Un De Sceaux did his best to throw it away, yet still had enough in the locker to battle back to a thrilling success in the Tingle Creek Chase at Sandown.
This was a case of the quicker horse winning, rather than the most fluent jumper succeeding. Mullins’ chaser is a classy sort, but he’s not one for standing off a fence and launching himself in an extravagant manner. He got in close at the last two fences, and each time appeared to hand the initiative to Sire De Grugy. But Walsh’s mount is quick over the ground, and had enough time from the last to the line to get his head back in front.
Walsh was clearly thrilled with the victory, and said: “It's a great race to be part of and I've ridden some wonderful horses in it, I've been very lucky. Being the champion that he is, Sire De Grugy served it up to us, I got back on top going to the last and when I got hold of him he started to rally all the way to the line, and he's won over further. This horse wears his heart on his sleeve, he just has that natural will to win. It's brilliant. He's a pleasure to ride.”
Colm O'Connell owns Un De Sceaux with father Edward, and said: “It's very emotional for us, he's a family horse. This win is dedicated to my parents, who are at home and didn't travel today. This is the biggest day of our racing lives and our thanks go to Willie Mullins, Ruby Walsh and all the team. They train him, and we pay the bills - that's our only involvement.”
Watching in Ireland, Mullins said of the victory: “I left it up to Ruby to ride the race as he found it as he knows the other horses so well. He settled him well and he is probably settling better with a bit of age. It was a real battle. He'd two untidy jumps at the last two and had to dig deep. I felt he was better equipped to run in a race like that on his first run of the season.”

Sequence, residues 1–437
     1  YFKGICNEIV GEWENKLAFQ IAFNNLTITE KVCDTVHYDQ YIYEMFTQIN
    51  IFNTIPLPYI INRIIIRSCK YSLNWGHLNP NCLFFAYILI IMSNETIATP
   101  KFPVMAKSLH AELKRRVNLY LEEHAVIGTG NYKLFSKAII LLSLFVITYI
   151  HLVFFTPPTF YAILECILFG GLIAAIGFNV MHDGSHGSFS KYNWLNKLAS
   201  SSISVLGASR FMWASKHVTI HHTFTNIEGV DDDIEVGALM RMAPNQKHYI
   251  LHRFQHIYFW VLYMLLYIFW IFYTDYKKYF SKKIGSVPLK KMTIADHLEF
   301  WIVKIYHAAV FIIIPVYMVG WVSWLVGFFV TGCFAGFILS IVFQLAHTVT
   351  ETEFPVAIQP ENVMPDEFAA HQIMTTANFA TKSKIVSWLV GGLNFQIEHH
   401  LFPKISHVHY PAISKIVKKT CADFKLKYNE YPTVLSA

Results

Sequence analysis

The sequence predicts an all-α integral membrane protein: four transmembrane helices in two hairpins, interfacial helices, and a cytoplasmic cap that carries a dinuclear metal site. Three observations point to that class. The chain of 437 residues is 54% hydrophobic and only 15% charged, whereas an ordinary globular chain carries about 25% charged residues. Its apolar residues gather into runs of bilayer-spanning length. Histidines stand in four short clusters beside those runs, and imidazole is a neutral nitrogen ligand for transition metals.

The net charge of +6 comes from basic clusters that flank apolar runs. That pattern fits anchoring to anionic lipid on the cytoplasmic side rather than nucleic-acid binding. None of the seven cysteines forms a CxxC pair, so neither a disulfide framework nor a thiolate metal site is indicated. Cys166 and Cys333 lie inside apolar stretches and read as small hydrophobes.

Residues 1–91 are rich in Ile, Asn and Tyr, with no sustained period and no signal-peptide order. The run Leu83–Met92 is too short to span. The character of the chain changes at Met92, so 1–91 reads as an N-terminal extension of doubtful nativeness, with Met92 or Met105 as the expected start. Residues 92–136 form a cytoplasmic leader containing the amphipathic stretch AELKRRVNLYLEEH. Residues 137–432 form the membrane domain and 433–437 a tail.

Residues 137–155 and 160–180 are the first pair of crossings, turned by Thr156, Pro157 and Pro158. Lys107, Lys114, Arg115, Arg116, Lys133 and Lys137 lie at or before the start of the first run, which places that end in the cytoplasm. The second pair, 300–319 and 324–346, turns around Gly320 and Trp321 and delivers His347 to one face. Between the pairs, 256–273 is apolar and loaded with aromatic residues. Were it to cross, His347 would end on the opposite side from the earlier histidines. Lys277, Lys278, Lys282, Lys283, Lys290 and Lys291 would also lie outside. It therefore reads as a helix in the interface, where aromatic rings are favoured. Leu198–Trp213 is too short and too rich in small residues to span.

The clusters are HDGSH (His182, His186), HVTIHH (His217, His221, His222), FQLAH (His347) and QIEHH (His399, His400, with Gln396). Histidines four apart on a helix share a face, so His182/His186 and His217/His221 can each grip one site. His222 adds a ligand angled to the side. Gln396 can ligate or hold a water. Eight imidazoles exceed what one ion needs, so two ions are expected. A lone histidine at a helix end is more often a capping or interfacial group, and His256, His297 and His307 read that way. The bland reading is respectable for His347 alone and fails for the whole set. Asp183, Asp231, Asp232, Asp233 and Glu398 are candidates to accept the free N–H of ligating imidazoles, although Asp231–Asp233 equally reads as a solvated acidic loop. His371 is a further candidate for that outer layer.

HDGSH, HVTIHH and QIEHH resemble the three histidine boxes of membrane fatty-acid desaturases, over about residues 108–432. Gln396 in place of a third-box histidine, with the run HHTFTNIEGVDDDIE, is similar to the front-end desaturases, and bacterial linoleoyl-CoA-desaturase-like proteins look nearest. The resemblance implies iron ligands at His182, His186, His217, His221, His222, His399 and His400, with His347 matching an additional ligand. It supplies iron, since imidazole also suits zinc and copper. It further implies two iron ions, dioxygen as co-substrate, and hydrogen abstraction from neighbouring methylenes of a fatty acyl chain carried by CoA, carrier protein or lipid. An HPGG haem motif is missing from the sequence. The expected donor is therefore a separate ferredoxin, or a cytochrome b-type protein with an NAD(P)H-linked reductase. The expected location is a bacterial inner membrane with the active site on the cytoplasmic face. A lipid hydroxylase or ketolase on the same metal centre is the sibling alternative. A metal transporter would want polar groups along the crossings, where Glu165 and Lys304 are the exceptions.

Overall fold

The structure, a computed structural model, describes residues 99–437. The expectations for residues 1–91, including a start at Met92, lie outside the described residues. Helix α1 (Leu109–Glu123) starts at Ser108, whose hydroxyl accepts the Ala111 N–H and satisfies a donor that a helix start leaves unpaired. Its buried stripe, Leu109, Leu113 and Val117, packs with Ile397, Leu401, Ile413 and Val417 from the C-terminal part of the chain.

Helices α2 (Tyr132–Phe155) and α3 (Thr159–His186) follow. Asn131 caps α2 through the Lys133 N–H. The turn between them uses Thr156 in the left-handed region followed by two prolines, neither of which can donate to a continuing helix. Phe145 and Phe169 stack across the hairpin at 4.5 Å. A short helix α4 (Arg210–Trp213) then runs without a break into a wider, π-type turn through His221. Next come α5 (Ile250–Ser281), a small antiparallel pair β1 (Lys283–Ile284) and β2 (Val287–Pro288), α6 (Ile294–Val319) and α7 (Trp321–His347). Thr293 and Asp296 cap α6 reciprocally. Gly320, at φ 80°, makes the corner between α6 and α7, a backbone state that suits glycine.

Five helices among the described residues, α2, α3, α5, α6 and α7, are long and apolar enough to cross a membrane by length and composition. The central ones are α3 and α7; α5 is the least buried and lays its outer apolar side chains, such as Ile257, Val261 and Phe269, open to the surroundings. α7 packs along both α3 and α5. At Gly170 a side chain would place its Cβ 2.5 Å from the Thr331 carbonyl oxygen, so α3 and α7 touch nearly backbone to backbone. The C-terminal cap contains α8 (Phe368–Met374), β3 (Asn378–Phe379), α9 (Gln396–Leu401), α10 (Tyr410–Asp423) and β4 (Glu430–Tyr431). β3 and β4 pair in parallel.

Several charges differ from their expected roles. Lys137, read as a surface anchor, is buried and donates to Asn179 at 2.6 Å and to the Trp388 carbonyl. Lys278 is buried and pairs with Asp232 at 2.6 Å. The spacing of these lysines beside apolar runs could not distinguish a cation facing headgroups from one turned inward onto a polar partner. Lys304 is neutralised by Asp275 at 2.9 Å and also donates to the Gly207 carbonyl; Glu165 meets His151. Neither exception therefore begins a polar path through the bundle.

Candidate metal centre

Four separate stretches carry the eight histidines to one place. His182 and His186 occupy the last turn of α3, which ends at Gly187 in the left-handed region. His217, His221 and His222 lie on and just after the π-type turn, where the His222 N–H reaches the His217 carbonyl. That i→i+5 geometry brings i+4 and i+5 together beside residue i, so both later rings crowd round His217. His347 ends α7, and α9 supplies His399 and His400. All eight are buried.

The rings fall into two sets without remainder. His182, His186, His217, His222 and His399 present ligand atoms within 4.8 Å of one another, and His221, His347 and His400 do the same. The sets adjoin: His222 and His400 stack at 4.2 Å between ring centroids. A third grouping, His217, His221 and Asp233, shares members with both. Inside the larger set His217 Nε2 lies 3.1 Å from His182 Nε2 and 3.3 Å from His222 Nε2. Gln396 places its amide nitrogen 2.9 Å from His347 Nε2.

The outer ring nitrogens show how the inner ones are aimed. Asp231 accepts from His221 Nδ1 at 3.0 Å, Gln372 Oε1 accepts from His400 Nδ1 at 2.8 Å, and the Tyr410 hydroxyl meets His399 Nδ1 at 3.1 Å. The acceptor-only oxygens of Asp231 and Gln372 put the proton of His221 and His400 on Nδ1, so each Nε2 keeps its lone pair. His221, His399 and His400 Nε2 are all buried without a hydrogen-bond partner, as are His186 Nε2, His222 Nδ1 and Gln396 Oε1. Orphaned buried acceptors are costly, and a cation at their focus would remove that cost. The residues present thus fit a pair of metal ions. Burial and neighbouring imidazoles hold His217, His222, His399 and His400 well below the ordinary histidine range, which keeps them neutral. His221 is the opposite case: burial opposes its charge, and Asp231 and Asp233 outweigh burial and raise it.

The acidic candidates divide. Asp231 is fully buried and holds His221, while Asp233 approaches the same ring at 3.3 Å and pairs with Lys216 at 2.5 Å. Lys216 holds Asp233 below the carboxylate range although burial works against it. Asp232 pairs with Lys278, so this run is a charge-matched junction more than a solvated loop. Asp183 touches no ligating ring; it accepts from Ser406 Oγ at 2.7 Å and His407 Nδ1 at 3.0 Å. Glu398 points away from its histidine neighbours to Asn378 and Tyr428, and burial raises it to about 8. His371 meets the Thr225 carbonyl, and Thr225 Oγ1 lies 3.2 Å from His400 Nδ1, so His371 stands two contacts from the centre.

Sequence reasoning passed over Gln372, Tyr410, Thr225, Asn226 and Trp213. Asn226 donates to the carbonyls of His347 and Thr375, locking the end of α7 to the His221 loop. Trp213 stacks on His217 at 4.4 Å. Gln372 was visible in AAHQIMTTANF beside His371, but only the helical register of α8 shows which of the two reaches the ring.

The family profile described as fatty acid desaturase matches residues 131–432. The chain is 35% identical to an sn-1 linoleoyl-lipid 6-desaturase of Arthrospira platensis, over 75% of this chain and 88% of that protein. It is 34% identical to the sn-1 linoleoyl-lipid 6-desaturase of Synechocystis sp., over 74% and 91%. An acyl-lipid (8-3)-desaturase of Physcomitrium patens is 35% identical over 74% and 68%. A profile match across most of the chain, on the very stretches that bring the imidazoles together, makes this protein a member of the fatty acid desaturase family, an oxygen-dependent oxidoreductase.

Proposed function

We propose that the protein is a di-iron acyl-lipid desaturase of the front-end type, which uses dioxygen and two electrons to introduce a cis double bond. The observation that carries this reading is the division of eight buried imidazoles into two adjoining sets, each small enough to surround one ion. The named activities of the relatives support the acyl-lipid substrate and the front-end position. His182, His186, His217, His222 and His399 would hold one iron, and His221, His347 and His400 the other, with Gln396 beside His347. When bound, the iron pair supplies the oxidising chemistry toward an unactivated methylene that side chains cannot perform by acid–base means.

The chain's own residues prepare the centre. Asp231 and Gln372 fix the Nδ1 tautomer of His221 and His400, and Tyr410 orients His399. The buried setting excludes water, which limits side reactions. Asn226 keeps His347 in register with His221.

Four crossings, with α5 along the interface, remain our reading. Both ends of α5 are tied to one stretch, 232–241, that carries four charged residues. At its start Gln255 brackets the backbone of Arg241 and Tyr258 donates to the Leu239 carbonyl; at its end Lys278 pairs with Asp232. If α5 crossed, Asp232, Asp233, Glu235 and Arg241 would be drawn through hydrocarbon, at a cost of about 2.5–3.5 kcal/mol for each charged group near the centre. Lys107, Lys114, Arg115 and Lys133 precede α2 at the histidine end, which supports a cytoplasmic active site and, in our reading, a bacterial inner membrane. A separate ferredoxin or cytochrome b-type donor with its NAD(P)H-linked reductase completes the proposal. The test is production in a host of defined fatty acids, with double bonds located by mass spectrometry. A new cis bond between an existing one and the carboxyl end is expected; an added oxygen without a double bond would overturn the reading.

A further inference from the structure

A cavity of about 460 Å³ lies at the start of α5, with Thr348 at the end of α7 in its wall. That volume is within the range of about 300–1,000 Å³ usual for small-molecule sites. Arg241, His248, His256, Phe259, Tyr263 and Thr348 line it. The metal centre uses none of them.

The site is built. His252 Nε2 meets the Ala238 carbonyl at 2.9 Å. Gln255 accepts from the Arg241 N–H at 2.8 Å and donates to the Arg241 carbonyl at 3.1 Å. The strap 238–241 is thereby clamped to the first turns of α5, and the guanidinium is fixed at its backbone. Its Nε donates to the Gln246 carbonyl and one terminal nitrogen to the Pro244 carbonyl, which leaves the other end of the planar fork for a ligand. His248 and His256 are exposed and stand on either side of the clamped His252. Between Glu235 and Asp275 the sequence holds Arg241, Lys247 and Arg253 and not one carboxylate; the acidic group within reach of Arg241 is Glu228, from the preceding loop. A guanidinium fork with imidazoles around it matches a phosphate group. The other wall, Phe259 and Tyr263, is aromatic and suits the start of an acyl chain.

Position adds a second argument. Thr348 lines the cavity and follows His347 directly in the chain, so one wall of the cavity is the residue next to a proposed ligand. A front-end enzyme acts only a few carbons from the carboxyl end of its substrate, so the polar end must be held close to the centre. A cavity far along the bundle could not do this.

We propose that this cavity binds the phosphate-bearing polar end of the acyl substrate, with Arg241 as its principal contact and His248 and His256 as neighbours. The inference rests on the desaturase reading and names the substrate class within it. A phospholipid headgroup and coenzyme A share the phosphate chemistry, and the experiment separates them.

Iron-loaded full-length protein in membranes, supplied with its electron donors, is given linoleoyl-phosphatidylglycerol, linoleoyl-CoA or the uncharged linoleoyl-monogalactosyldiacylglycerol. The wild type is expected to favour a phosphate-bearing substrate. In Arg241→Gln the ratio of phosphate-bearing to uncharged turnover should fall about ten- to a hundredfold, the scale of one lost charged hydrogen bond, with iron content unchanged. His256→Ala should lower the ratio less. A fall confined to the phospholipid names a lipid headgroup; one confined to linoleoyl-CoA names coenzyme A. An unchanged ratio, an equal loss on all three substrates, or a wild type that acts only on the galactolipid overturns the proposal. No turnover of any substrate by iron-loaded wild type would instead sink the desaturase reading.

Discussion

The race developed as many had anticipated, with Ar Mad setting a strong gallop from the front. All looked well for the returning youngster, until a serious error at the first of the railway fences almost brought him to his knees. The loss of momentum took him from first to third, and he suddenly looked a little sluggish. As the front two went head to head from the last, it was notable just how well Ar Mad finished off the race. Ring-rust put paid to his chances this time, but he remains a potential star.
Having come so close to winning another Tingle Creek, Gary Moore was far from disappointed when speaking to Channel 4: “I thought once he'd (SDG) got upsides him he'd just about stay on, but I think he probably outstayed us. I felt I might just have taken the edge off him running him two weeks ago, he's getting a bit older and to have two tough races in two weeks at the age of 10 takes a bit of doing, so fair play to the horse.”
Of Ar Mad he added: “He showed what a good horse he is, to make a mistake like he did and not be beaten too far after nearly 300 days off shows what a good horse he is. He's the one to take out of the race for me, I'd take them all on again any day of the week. I'm not worried about stepping up in trip, I think he'd go further now.”
Speaking yesterday, Moore reiterated the possibility of an assault on the King George, when saying: “Both horses are fine this morning, which is the main thing. I think Ar Mad proved he is a very talented horse. We could run him over three miles or two and a half and I don't think he'd have a problem. I'll speak to his owner (Ashley Head), but we could supplement him for the King George. I suppose it might depend on what else runs, like Thistlecrack. His next run will either be the Desert Orchid at Kempton or the King George, I think.”
The future looks bright for Ar Mad, though possibly at trips beyond the minimum trip. Un De Sceaux once again proved himself a solid performer, though is undoubtedly vulnerable to a bolder jumping two-miler. The Tingle Creek probably confirmed that the division is at the mercy of Mullins’ latest star chaser, Douvan.